Joshua Baxter was born to move. As a child he was so entrenched in his family's auction business that when Joshua was 16, his father pulled him aside and told him it was time to take an active role. So, Joshua took his driver's test in the truck the family used to pick up merchandise, and at 19 he bought his own truck, handling the transportation of the often-valuable antiques. That skill and preternatural understanding of merchandise transportation led to the birth of Here To There Movers. Now, Joshua has trucks headquartered in five Midwest cities.
Here To There Movers' technicians know that the transport of belongings from one abode to another is one of life's most stressful affairs, even more than interviewing for a position at the local bomb diffusery. The licensed and insured staff can arrive at a moment's notice, equipped to handle bookshelves, boxes, and pianos. Here To There provides a frequently asked questions page and moving tips for the befuddled house-swapper or recreational vagrant.
Since 1983, families have spent their holidays around the television, watching A Christmas Story and joining in the triumphs and failures of 9-year-old Ralphie as he struggles to secure a Red Ryder BB gun from Santa's bag. Although the cult-classic film showed Ralphie living in Indiana, the house in which the movie took place rests in Cleveland?and is now a museum. When MSNBC interviewed lifelong fan and A Christmas Story House & Museum owner Brian Jones, they profiled the story of how he found the house on eBay and jumped at the chance to own it. Today, he?s turned it into a year-round place of pilgrimage for fans and the site of an occasionally-held convention for Ralphies.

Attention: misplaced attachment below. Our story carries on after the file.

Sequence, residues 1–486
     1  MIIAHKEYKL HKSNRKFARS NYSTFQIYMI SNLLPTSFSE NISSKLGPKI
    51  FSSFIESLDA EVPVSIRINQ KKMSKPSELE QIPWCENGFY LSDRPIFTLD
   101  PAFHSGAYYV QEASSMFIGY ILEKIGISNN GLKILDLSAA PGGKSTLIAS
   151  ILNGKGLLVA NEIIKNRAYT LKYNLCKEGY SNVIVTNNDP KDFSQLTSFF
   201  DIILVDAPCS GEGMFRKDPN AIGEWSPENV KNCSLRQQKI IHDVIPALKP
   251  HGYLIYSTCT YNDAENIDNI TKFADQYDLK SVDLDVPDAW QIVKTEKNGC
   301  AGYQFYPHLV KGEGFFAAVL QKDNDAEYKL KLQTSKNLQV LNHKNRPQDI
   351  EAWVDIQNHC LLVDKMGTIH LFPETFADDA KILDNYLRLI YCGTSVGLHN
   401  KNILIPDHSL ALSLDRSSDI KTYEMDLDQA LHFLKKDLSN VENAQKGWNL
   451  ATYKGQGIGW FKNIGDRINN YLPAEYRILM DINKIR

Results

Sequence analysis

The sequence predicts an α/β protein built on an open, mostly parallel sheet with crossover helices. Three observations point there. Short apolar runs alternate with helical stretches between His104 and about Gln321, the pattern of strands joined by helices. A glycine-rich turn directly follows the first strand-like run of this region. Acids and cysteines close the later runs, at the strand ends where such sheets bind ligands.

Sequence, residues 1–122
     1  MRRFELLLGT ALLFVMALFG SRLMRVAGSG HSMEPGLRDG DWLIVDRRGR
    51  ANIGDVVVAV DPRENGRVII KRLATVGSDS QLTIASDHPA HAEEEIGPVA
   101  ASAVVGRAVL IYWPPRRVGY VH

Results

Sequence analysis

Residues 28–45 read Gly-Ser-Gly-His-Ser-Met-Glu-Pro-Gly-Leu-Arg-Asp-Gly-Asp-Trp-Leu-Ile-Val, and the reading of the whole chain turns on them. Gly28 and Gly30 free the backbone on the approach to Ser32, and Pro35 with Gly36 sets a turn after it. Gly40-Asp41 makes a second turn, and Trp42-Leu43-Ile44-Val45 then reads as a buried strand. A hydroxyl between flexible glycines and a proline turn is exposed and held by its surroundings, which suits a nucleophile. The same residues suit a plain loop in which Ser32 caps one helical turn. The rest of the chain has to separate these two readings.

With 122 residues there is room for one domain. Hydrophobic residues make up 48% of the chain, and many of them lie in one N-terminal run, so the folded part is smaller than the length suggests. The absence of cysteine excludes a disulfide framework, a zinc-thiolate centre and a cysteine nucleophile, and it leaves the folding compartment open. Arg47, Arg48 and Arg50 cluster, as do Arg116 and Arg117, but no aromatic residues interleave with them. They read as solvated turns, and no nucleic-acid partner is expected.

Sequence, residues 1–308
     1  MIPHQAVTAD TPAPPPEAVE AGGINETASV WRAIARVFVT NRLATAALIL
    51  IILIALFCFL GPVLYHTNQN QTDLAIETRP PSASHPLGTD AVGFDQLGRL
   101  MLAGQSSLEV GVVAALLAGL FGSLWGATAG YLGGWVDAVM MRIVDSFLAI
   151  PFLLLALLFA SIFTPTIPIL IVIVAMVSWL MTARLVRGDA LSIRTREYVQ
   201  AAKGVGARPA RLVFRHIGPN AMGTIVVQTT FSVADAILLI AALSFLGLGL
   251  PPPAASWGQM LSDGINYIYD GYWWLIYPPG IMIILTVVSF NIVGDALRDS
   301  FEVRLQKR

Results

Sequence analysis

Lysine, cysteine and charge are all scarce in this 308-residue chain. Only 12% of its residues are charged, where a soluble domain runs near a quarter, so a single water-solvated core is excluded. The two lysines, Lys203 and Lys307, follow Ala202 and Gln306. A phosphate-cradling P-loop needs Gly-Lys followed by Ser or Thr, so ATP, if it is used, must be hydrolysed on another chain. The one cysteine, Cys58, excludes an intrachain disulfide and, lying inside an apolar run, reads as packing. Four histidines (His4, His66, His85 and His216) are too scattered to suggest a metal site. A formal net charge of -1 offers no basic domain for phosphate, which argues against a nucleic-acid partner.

Jones?s restoration has returned rooms to exactly how they were in the film, letting guests gaze at the tinsel-strewn tree with its star falling off and explore the bathroom where Ralphie?s mouth was washed out with soap?a time-tested method for cavity prevention. Visitors can even attempt to hide like little Randy in the cabinet under the sink. After seeing the backyard that still houses the original shed, where Ralphie defended his family against Black Bart, fans head across the street to the A Christmas Story House & Museum. Here, original props such as the toys from the Higbee?s department-store window, Randy?s snowsuit, and Miss Shields?s classroom chalkboard join other memorabilia and hundreds of behind-the-scenes photos. Before leaving, guests drop into the gift shop to pick up a leg lamp just like the one Ralphie's old man cherished so dearly.